As I write this, I am relaxing in my (couch)bed, eating syrniki, drinking tea, and generally basking in the relief that has washed over me. You see, my dear readers, my training ended on Friday night. Here I am at the local (relative to the central school-- it's about 45 minutes commute from my house) waterhole where we met up for our last evening together, looking especially pleased/smug/? (which is exactly how I should feel after getting a 95% on my grammar test. boo-ya):
With memories of last weekend still fresh in my mind, I made the decision to go home before the metro/buses stopped running. I decided to stop by Katie's apartment (who had arrived just a few days before!!!! finally!) on my way home to see what she was doing. It was only 11:30, but she was already asleep (out of boredom, she claims). I felt bad for waking her up, but said she was really happy to see me. You are too nice, Katie. Anyway, we stayed up chatting a few hours then went to sleep. The next day we made our way over to my apartment and hung out with my roommate's (he returned early Monday morning!) boyfriend, went into Moscow and ate an early dinner (salad and pizza at an Italian restaurant), then stopped by the Aushan, which I don't quite know how to describe. Imagine Wal-Mart, but much larger, and with some other stores inside of it. Like a consumer's matryoska. Most of you know that I never shop at Wal-Mart... partially for moral reasons (but let's be honest, what the fuck does that even mean?), and partially because it frightens me a little: http://www.peopleofwalmart.com/?page_id=9798 . That said, I will return to the Aushan on a week day (when it will be a little less insane, and not about to close) to more thoroughly browse its offerings. It could take days. Plus, they have a nice honey selection. I decided on this jar, mostly because of the cute little bears on the label:
Awwww! Oh, and SPEAKING OF HONEY... There is an annual honey festival (ярмарка меда) happening in Moscow from September-October 3rd!!!!! Katie and I will probably make the trip soon. Next weekend, perhaps. My mom was recently in Switzerland, which is the original "land of milk and honey," but I think they might be rivaled by Russia in the honey area. Milk, on the other hand, is a whole other story in this country.
My first night here, in the heat and smoke, I was craving a glass of milk. Normal. So I walk across the street to the supermarket, locate the dairy products, and select one of the many containers labeled milk, feeling pretty confident in myself and my Russian. I purchase it, go home, pour a glass, and...... what is this? It's thick, and slightly sour. I look back to the container: yes, as I previously had seen, it is milk. Confused and jet-lagged, I drank my "milk" and went to bed. The next morning, I went back to the store, to further inspect the dairy case. This time I buy one in a plastic bottle, where I can see the contents and be sure of the contents. Still craving a glass of milk, I am anxious to get home and try some... and to compare the two bottles. This is what I was looking at:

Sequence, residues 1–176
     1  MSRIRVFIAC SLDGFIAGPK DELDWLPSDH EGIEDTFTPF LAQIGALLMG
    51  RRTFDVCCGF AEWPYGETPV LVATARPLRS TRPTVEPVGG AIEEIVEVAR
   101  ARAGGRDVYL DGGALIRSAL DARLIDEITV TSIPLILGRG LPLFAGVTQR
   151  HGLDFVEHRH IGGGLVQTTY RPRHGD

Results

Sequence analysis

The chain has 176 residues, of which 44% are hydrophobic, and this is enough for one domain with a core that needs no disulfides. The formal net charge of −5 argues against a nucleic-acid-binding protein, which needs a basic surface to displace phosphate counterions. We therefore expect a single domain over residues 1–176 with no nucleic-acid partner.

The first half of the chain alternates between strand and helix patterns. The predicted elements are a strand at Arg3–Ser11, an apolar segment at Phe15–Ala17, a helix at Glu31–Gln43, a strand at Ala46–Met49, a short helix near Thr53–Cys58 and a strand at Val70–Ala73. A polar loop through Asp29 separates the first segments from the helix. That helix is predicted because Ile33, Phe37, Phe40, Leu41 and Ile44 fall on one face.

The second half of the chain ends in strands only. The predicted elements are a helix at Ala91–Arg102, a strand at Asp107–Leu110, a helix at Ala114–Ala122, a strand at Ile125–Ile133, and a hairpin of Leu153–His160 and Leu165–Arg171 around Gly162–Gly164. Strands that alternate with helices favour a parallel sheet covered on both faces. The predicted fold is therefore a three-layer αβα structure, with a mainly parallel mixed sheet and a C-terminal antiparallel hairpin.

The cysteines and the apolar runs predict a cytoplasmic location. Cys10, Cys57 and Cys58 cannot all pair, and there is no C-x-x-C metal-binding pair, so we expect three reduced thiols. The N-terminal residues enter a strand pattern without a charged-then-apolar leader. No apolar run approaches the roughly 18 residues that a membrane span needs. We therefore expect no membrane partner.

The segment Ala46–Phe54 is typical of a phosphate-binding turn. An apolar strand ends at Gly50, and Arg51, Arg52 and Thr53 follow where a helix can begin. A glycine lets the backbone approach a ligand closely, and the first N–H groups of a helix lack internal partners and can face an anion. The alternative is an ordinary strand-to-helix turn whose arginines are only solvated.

Unless I should be worried about the left bottle being cat's milk, I am totally baffled as to what the difference could possibly be. One friend suggested that if the bottle on the right was in the yogurt section, it could be different than the milk in the proper milk section. Oh, Russia... So I eventually get to the ingredients in my bottle inspection, and see that the right-most bottle is "изготовлено из нормализованного коровьего молоко," which I knew roughly translated to prepared from normalized (homogenized?) cow's milk. Prepared from? I don't pour water into a glass and say I prepared a glass of water. Compare that to the ingredients of the actual milk (or maybe cat's milk): цельное молоко, обезжиренное молоко (whole milk, skim milk). That's more like it. It appears the former was buttermilk, maybe. So... mystery solved. Kind of. In any case, I am more careful when purchasing milk now.
In my title story, and last piece of food news, I have perfected the art of my yeast rolls:
They are amazing. Light and fluffy and delicious. Who's laughing now, mom, who's laughing now? HA HA!*
In other news: I start working on Tuesday. My first group of students consists of four 9-year-olds. Very cute. When I told my dad, he said something like this (via skype-chat):
They will fall in love with you!
Any maybe you will get to know their rich parents
They will invite you to their villa on the Black Sea
And offer you a high paying job with their company
.... which is probably connected with the mafia
you can ride in their private jet all over the world
I would be happy if someone invited me to go mushroom gathering at their dacha over the weekend. A girl can dream, can't she?
*My mom told me that when she saw the picture of my sad little roll-pancakes she laughed out loud! Unbelievable!